Typically overstuffed chronicle of sexual violence and family implosion, closest in kinship within the author’s family of novels to We Were the Mulvaneys (1996) and You Must Remember This (1987).
En route to challenging Balzac’s lifetime stats, Oates is now somewhere in Trollope territory—Barbara Cartland is of course unapproachable—with her 36th novel and third book-length fiction published in 2009. She divides this one between the narrative of Krista Diehl, passionately adoring daughter of Eddie, a known adulterer and suspected murderer, and the story of Aaron Kruller, the part-Native American son of the murdered woman. Zoe Kruller, Eddie’s mistress before he was accused of killing her, was a seductive, reputedly round-heeled waitress and aspiring band singer; the title alludes to a gritty country-and-western ballad. Oates succeeds best when depicting downbeat real life and sentimental dreams of something better in the fictional upstate hamlet of Sparta, N.Y. But boastful, hair-trigger-tempered Eddie, his spiteful, betrayed wife Lucille and Krista’s sullen older brother Ben are all recycled from earlier books, and Krista’s emotional defense of her doting daddy is as devoid of conviction or resonance as it is creepy. When Oates shifts to Aaron’s story, however, the book starts to fly. The misshapen product of unconscionable parenting and a racist environment, Aaron seethes with an I’ll-get-those-bastards fury that all but burns holes in the pages. This small-town Caliban, a hound of hell powered by unquenchable rage and vindictiveness, is one of Oates’s most unforgettable characters. If only Krista’s bloated narrative had had one-tenth the concentrated heat of Aaron’s seemingly foreordained decline and fall.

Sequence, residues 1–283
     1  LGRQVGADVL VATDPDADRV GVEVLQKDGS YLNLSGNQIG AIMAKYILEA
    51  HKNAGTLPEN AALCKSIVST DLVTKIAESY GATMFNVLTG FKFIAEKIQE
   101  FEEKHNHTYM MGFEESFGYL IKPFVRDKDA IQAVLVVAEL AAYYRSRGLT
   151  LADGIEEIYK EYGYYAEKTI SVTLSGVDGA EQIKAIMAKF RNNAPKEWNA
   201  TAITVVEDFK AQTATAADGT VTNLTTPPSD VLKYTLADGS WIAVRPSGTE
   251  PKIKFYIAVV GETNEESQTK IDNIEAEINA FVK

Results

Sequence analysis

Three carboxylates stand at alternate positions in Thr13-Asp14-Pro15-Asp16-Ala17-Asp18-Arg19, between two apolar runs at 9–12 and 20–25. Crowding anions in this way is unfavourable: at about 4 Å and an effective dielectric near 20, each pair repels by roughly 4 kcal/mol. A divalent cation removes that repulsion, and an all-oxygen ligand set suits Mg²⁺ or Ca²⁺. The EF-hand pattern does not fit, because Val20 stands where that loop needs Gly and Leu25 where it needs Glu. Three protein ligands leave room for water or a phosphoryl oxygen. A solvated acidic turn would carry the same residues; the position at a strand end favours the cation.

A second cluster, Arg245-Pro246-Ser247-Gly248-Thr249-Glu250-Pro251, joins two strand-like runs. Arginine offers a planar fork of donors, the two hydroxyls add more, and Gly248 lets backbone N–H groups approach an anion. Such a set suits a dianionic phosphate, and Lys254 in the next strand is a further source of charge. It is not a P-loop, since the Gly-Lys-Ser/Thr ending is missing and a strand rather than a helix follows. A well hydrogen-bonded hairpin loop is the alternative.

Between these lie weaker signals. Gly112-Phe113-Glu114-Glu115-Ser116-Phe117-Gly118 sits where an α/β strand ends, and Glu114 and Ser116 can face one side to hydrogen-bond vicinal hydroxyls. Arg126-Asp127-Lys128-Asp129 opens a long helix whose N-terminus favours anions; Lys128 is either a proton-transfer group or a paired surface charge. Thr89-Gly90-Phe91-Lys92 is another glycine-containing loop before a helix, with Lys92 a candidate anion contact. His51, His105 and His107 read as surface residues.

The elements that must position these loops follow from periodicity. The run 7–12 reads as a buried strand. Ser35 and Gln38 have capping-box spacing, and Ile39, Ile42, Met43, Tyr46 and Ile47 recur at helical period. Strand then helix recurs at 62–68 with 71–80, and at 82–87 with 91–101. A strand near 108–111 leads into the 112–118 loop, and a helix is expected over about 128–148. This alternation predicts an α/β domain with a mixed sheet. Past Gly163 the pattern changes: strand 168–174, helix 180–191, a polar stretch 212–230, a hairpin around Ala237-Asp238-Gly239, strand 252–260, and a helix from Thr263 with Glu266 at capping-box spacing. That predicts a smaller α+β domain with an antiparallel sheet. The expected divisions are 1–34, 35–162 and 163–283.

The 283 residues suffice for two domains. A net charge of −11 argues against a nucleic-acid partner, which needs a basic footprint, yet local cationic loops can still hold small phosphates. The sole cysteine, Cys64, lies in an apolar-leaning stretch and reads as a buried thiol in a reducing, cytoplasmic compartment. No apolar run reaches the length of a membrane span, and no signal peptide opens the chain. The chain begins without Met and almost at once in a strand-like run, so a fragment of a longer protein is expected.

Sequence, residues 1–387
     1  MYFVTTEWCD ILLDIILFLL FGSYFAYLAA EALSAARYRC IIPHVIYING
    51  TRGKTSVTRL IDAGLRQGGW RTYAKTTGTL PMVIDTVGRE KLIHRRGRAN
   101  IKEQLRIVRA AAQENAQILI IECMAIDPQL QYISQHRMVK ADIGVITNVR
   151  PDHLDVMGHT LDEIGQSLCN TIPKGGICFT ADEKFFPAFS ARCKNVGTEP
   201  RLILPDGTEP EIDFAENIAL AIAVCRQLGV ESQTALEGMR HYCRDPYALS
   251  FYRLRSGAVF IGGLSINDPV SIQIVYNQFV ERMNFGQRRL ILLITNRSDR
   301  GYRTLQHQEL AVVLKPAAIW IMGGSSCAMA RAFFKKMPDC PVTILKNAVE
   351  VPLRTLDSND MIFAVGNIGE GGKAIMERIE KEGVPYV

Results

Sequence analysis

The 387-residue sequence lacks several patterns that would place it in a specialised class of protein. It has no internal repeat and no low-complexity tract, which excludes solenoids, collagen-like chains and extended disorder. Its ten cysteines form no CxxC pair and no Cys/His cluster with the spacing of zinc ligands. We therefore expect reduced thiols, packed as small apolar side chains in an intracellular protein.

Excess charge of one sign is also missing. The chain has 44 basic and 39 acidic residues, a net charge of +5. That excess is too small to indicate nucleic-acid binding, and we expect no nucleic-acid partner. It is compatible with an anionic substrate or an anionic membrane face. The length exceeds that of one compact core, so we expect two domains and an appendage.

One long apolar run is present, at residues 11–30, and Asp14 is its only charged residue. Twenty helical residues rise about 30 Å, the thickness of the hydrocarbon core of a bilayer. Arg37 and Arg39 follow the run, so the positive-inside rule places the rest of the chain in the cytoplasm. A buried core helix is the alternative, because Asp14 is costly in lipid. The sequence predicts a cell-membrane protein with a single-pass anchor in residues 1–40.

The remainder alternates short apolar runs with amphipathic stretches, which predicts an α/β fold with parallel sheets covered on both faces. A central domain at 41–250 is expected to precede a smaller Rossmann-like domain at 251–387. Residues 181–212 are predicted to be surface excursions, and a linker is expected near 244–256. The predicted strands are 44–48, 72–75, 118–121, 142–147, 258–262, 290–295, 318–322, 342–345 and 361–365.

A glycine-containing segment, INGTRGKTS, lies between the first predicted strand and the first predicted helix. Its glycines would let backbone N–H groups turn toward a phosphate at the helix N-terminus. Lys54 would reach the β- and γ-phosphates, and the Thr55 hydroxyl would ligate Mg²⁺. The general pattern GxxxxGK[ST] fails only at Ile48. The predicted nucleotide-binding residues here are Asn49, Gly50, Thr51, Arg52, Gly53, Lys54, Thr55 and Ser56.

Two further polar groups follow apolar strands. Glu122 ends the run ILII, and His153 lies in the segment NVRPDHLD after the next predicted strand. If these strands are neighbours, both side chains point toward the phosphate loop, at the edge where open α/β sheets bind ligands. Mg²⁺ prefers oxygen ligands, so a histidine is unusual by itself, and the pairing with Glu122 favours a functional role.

One-half of a masterpiece.